New US privacy bill aims to protect sensitive data

A prominent U.S. senator on Thursday introduced a bill designed to safeguard Internet users’ privacy while still allowing online businesses to collect personal information by breaking data down into sensitive and non-sensitive categories.

Senator Fritz Hollings, a Democrat from South Carolina and chairman of the Senate Commerce, Science, and Transportation Committee, introduced the Online Personal Privacy Act (S-2201). The bill builds on an earlier version crafted by the senator in 2000 to align U.S. privacy policy with some of the norms adopted by the European Union (EU) governing online companies’ ability to collect personal information. This measure aims to create a national online privacy policy that would preempt individual state regulations.

New privacy legislation is needed to help draw more consumers online, Hollings said, since many Americans are still hesitant to take full advantage of the Internet because they fear their personal information will be exploited. “Fears about privacy have had palpable effects on the willingness of consumers to embrace the full potential of the Internet and e-commerce,” Hollings said in a statement accompanying the bill’s introduction. “Privacy fears are stifling the development and expansion of the Internet as an engine of economic growth.”

Fear of online privacy violations has led users to offer up false information about themselves, therefore “blocking the Internet and its wide range of services from reaching its full potential,” Hollings added. This new bill aims to allay privacy fears while providing online businesses with user-accepted ways to collect useful information, he said.

The new bill takes a cue from E.U. legislation that divides personal information into two categories. Sensitive data relates to a user’s financial and health information, ethnicity, political and religious affiliation, sexual orientation, and social security number. The measure states that online companies must obtain consumer’s clear consent – or have them “opt in” – before sensitive information is collected.

All other data that could be collected online – ranging from a Web site visitor’s address to preferences in purchasing books – would be considered non-sensitive information and would not require advance permission from the user to be collected.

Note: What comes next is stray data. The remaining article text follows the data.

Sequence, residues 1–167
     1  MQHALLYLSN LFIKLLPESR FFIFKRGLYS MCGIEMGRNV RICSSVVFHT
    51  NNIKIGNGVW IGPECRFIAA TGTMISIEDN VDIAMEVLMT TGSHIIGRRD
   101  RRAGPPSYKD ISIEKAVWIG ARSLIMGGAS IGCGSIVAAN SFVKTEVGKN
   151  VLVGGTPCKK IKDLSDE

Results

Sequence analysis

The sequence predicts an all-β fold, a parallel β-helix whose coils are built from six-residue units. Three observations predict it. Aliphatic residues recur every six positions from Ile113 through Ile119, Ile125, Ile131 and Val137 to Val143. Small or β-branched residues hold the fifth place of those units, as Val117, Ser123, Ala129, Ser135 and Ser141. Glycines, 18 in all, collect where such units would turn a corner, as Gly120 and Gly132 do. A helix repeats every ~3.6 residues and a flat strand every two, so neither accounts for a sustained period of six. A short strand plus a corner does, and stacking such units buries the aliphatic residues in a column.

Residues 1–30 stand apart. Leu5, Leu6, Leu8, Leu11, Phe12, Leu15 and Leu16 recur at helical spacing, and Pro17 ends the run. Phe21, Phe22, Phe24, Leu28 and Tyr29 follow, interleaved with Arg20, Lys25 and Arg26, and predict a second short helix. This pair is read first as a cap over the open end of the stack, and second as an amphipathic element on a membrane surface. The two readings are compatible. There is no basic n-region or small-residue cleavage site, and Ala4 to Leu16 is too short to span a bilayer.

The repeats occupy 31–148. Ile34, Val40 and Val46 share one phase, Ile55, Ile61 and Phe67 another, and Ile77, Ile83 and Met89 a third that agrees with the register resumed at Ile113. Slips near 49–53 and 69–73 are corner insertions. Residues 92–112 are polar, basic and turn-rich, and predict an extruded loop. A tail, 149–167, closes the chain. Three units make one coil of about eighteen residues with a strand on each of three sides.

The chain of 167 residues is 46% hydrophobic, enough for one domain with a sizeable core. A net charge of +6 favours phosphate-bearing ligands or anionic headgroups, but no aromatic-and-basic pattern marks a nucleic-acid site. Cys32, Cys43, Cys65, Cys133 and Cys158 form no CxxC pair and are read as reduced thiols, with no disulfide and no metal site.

However, an online merchant would have to provide users with an “opt out” option if they did not want this information collected, Hollings said. The bill would require that the opt-out option be accompanied by a “robust notice” displayed at the point that information is collected to inform the user of how nonsensitive data may be used by the online establishment.

In addition, online merchants would have to post “clear and conspicuous” notices detailing their policies for handling personal information, regardless of which category of data they plan to collect, Hollings said. Only information collected after the bill is enacted would be subject to its rules.

Online consumers would also be given the right to find out what information a Web site has collected about them, similar to consumers’ rights to detailed descriptions of their credit history. The bill recognizes the burden and expense this can put on online merchants, Hollings said, and would allow those companies to charge users “a reasonable fee” for copies of their data collection records.

The bill would also place a security responsibility on Internet retailers that requires them to protect the user information they’ve collected, and allows for user redress by granting consumers whose sensitive information was shared without their consent to seek damages in federal court.

The U.S. Federal Trade Commission (FTC), which already handles many privacy issues, would enforce Hollings’ bill and would issue periodic reports on the measure’s efficacy and whether additional steps to protect privacy should be taken. Both the FTC and the states’ attorneys general would be empowered to take action against violators of the bill, Hollings said.

The Senate Commerce, Science, and Transportation Committee plans to hold a hearing on Hollings’ privacy bill Thursday.